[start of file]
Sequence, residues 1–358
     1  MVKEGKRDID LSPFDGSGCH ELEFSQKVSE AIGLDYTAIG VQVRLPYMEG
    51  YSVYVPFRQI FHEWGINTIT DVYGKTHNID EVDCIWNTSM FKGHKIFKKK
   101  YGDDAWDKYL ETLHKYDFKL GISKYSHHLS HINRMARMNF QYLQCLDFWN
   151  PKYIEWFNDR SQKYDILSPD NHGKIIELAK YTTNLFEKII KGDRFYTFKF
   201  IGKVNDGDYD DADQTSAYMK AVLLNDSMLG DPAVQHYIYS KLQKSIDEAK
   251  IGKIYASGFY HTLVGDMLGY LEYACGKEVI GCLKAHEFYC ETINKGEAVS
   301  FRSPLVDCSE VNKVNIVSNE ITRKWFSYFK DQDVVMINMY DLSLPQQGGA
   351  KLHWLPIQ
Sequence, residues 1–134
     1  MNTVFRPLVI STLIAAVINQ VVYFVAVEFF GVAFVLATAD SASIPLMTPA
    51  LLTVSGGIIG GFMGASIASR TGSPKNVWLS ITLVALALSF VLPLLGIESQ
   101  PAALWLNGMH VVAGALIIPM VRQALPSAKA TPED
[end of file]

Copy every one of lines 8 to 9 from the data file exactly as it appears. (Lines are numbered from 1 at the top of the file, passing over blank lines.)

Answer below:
   301  FRSPLVDCSE VNKVNIVSNE ITRKWFSYFK DQDVVMINMY DLSLPQQGGA
   351  KLHWLPIQ